Caldwell J, Wang W, Zandstra PW. Proportional-Integral-Derivative (PID) Control of Secreted Factors for Blood Stem Cell Culture. PLoS One. 2015 Sep 8;10(9):e0137392.
 https://ccrm.ca/cdmo-overview – accessed February 9th 2018
1. Centre for Commercialization of Regenerative Medicine (CCRM) https://ccrm.ca
2. Institute for Research in Immunology and Cancer — Commercialization of Research (IRICoR) https://www.iricor.ca
3. Dr. Peter Zandstra’s Lab http://stemcell.ibme.utoronto.ca/index.html
4. Dr. Gordon Keller’s introduction https://ccrm.ca/GordonKeller
About the Authors:
Sindhuja Krishnamoorthy received her Bachelors in science degree with a minor in biochemistry at the University of Texas at Arlington in Biomedical Engineering and is a graduate student in the Biomedical Engineering M.Eng professional program at the University of British Columbia.
Yuan Tian is a PhD student in Neuroscience program at the University of British Columbia. She received her Bachelor of Clinical Medicine from Sun Yat-sen University (Guangzhou, China), and a Master of Ophthalmology degree from Jinan University (Guangzhou, China). Her research will focus on stem cell therapy in the eye (retina), and explore the question: what kinds of methods could be used to help stem cells survive and better integrate into the recipient retina?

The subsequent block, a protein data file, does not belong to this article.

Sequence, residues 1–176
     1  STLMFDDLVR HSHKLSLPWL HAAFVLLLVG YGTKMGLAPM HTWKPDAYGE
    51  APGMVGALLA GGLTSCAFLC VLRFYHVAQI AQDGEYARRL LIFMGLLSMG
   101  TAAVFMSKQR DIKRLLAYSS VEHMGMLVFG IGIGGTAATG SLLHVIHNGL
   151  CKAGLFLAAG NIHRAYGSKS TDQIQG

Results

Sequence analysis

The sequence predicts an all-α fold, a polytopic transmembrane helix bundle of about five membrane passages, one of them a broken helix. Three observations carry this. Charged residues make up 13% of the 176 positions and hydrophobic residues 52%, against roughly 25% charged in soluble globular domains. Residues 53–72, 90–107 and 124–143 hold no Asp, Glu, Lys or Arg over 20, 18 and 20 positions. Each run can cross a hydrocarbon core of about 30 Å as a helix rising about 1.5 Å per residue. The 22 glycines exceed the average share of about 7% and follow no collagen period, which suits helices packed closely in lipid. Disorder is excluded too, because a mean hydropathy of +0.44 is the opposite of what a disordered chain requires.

On February 28th, 2018, Dr. Michael Rudnicki visited the University of British Columbia. He is a professor at the University of Ottawa, senior scientist at Ottawa Hospital Research Institute, and scientific director of the Stem Cell Network in Canada. In our class, Dr. Rudnicki introduced his own research about muscle stem cells in muscular dystrophies. His group has been studying in this field for many years to understand the underlying mechanisms and to explore stem cell therapies for these diseases. Skeletal muscles are voluntary muscles allowing us to conduct movements, such as walking or exercising. There are cells called “satellite cells” which are associated with mature muscle fibers in muscle tissues, and a portion of them are stem cells which are able to respond to damage. Under some conditions, these stem cells can enter the cell cycle and begin dividing, to produce renewed myofibers for repairing muscles.
Dr. Rudnicki’s research found that satellite stem cells can divide and generate committed progenitors through asymmetric division during development, and dystrophin gene expression is involved in the polarity of satellite stem cells. Patients with Duchenne muscular dystrophy, which is considered a rare type of muscular dystrophy, suffer from progressive skeletal muscle degeneration. These patients have mutations in the dystrophin gene, and as a result an inability to produce progenitors efficiently, promoting the progression of Duchenne muscular dystrophy. Dr. Rudnicki’s findings suggest the possibility that repairing satellite stem cells may be able to fix the genetic deficiency as a treatment for Duchenne muscular dystrophy. His group is also looking for drugs that can restore the asymmetric division by modulating satellite stem cells.